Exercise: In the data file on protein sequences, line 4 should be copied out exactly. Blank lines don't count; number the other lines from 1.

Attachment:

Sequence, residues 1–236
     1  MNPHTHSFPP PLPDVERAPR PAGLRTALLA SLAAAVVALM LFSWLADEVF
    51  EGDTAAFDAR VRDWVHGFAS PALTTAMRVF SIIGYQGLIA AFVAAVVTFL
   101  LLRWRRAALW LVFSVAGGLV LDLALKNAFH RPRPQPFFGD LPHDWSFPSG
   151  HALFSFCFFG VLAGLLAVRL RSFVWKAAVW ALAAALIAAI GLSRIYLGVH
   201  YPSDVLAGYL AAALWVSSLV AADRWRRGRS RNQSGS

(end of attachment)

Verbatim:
   101  LLRWRRAALW LVFSVAGGLV LDLALKNAFH RPRPQPFFGD LPHDWSFPSG